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Original Research: PULMONARY EMBOLISM |

Long-term Anticoagulant Therapy for Idiopathic Pulmonary Embolism in the Elderly: A Decision Analysis

Jeffrey Haspel, MD, PhD; Kenneth Bauer, MD; Alexander Goehler, MD, PhD, MSc, MPH; David H. Roberts, MD, FCCP
Author and Funding Information

*From the Divisions of Pulmonary, Critical Care and Sleep Medicine (Drs. Haspel and Roberts), and Hematology (Dr. Bauer), Beth Israel Deaconess Medical Center, Harvard Medical School, Boston, MA; and Institute for Technology Assessment (Dr. Goehler), Massachusetts General Hospital, Boston, MA.

Correspondence to: David H. Roberts, MD, FCCP, Division of Pulmonary, Critical Care and Sleep Medicine, Beth Israel Deaconess Medical Center, Harvard Medical School, 330 Brookline Ave, KSB-23 Boston, MA 02215; e-mail: dhrobert@bidmc.harvard.edu


The authors have reported to the ACCP that no significant conflicts of interest exist with any companies/organizations whose products or services may be discussed in this article.

Reproduction of this article is prohibited without written permission from the American College of Chest Physicians (www.chestjournal.org/site/misc/reprints.xhtml).


© 2009 American College of Chest Physicians


Chest. 2009;135(5):1243-1251. doi:10.1378/chest.08-1164
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Background:  Elderly patients with idiopathic pulmonary embolism (PE) are at high risk for recurrent venous thromboembolic disease and might benefit from long-term anticoagulant therapy. But they are also at higher risk for bleeding complications. Because there have been no clinical trials addressing PE treatment in elderly patients, the balance of therapeutic benefits and risks is unclear.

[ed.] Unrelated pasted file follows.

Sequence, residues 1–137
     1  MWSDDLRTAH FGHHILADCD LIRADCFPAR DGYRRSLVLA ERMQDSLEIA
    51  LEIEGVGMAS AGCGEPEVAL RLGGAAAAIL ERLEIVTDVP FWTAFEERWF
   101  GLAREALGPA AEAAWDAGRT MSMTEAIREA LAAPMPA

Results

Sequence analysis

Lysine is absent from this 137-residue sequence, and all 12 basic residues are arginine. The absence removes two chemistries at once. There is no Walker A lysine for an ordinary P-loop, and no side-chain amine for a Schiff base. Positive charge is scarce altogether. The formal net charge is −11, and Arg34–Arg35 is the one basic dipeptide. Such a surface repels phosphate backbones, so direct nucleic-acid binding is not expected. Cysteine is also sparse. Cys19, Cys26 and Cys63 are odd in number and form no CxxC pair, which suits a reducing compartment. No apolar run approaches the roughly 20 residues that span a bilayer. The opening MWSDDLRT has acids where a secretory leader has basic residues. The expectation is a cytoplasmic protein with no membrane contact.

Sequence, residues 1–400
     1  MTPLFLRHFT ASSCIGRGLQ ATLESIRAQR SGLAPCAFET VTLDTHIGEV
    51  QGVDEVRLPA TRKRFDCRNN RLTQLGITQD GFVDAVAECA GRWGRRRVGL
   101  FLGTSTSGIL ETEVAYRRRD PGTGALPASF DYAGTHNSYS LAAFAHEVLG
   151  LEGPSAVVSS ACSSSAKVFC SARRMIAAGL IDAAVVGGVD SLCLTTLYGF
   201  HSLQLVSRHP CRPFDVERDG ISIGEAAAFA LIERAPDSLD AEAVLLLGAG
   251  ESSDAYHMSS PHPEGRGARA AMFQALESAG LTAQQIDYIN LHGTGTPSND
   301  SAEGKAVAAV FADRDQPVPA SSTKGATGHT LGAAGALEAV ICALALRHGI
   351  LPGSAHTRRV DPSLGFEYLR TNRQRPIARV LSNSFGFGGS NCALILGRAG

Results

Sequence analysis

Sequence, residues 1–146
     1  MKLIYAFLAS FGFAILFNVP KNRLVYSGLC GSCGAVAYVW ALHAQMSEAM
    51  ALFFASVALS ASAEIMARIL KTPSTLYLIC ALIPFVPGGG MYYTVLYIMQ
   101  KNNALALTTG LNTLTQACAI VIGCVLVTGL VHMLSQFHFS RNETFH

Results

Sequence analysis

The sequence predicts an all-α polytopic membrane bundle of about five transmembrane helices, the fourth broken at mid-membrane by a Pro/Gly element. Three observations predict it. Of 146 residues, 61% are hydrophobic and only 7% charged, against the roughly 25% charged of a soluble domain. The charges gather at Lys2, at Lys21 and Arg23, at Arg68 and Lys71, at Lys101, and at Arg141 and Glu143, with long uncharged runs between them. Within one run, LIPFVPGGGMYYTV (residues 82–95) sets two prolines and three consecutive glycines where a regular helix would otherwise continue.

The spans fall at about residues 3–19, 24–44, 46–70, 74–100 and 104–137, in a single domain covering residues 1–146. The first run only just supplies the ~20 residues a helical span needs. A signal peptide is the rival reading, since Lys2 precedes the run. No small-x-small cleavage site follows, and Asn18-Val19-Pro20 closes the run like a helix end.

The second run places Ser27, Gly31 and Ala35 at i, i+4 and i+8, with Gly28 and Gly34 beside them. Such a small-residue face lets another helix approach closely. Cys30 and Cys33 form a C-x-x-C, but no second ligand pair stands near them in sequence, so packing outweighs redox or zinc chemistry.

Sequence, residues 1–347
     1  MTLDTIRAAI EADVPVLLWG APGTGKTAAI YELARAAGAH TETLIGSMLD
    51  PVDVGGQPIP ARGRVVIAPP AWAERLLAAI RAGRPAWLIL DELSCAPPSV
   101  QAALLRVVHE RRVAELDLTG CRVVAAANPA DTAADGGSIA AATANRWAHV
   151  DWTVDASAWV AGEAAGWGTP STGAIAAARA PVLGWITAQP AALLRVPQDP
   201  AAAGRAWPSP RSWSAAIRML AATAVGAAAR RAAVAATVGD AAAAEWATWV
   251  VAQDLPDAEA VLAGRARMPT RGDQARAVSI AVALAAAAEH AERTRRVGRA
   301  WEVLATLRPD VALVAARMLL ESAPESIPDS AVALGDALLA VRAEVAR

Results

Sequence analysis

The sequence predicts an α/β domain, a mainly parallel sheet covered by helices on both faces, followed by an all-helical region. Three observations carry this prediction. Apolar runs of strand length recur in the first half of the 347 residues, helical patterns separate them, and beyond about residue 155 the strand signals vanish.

Methods:  We constructed a decision-analytic model to forecast the effects of long-term warfarin therapy for idiopathic PE. We focused on 65- and 80-year-old outpatients, with or without a propensity for falls, who previously had completed 6 to 12 months of anticoagulant therapy without experiencing a major bleed. The model incorporated age-appropriate thromboembolic recurrence rates after PE, major bleeding risks of warfarin use, and the contribution of falls to major bleeding episodes in anticoagulated elderly patients. We used probabilistic sensitivity analysis to model outcomes over ranges of potential thromboembolic and bleeding risks.

Results:  In our baseline analysis, long-term warfarin was superior to conventional duration therapy. Depending on the patient subgroup (stratified by age and fall risk), it increased life expectancy by 0.16 to 0.56 years and event-free life expectancy by 0.32 to 0.51 years. Probabilistic sensitivity analysis demonstrated that long-term warfarin therapy was likely to increase life expectancy when compared with conventional-duration therapy (76 to 93% likelihood across all groups).

Conclusions:  Extended anticoagulant therapy for idiopathic PE may be beneficial in a subgroup of elderly patients who tolerate the initial 6 to 12 months of therapy without bleeding complications. In this population, advanced age and fall risk were not contraindications to long-term anticoagulation.

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